I'm being transferred from Vancouver to Winnipeg and will soon face my first season of winter driving. My car is equipped with a plug although it's never been used. I know it has to do with keeping the car warm, but I wonder whether it's effective and how often it should be used? – Sita in Vancouver
You're not alone. Folks who've spent their lives on the west coast are often puzzled by the dangling plug on the front of the car.
The prairie provinces receive plenty of sunshine, but in moving east you'll also experience some days (weeks, or months) of extreme cold. That's when a block heater comes in handy.
"Trying to start an engine in really, really cold weather is hard on the battery, hard on the starter motor, and it's also hard on the engine components themselves because the lubricating oil doesn't get a chance to circulate very effectively until the engine warms up. A block heater helps to alleviate those situations," says Dr. Peter Frise, scientific director of the AUTO21 research network at the University of Windsor.
As long as everything is in good condition – such as the battery and the spark plugs – modern fuel-injected engines will almost always start, despite the temperature outside. However, there's little doubt that starting a car in extreme cold temperatures without using a block heater can result in excessive wear of engine components.
"If you can imagine two pieces of metal that are dry, and the oil is really thick and sitting in the bottom of the engine with a consistency like toothpaste, when the engine starts to crank, the oil pump will have a hard time forcing that oil throughout all the little passages in the engine and lubricating everything. So the first few seconds when the engine starts, those parts will be rubbing on each other without the benefit of lubrication. That makes it harder for the engine to start, but it also means the parts will wear out more quickly," says Frise.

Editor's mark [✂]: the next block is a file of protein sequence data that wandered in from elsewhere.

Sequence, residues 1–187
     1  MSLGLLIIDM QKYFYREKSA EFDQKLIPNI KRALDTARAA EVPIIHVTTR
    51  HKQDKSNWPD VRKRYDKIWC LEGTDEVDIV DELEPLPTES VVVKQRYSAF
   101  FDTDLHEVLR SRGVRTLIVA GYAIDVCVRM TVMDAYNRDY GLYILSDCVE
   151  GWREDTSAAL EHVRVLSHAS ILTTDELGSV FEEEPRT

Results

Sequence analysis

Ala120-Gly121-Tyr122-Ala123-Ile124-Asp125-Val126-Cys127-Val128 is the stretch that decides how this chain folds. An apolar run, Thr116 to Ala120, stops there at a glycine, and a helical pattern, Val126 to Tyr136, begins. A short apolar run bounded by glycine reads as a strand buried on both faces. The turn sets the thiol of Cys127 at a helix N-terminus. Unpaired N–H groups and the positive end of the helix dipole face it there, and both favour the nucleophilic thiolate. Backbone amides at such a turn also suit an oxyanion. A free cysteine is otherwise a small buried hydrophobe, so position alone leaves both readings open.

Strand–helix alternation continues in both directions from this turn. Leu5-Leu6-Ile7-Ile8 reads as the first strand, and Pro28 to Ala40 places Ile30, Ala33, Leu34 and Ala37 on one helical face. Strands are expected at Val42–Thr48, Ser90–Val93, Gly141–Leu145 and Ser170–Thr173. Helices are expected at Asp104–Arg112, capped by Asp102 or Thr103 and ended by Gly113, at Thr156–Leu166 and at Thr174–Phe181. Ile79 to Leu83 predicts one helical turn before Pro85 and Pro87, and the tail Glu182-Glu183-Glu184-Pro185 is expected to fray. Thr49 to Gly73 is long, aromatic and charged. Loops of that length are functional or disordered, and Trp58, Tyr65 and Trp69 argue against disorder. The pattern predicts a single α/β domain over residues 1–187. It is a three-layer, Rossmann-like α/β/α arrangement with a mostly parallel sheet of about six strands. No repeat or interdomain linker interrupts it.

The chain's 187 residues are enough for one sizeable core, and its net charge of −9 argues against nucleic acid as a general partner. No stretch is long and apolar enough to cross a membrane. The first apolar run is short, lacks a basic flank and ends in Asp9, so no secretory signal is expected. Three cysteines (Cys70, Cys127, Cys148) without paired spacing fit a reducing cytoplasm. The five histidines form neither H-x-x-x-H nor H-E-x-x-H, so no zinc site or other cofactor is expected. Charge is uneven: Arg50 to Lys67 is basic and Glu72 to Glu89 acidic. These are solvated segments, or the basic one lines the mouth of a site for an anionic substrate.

So how often will you need to plug-in, and for how long?
"The amount a block heater is used is largely based on personal preference. As soon as the temperature hits zero, some people plug in their cars, while others – myself included – know you really don't need to do it until the temp reaches minus-20," says Pamela Vernaus, of Manitoba Hydro's Power Smart program in Winnipeg.
"On average, from November through the end of February, we estimate there are about 30 days when you would use a block heater. It's not as cold here as west coast people think it is," says Vernaus.
When the temperature warrants, many motorists plug-in their vehicles the night before heading to work in the morning. However, a University of Saskatchewan study found that running a block heater for more than four hours is a waste of energy. If your unit is not equipped with a timer, invest in one to optimize energy use.
"If you're not going to use the car, it doesn't matter if it cools down. The key point is warming it before you go to start it. So if you just go into a store to buy groceries, there's no need to plug the car in. If you're going to be in there shopping for four hours and it's really cold, then it might be worth plugging it in. When at home, set the timer so it comes on 90 minutes or a couple of hours before you leave for work in the morning," says Frise.
In addition to protecting your vehicle from excess wear in cold weather, the use of a block heater will lessen the time it takes to warm the interior.
Send your car questions to Joanne Will at firstname.lastname@example.org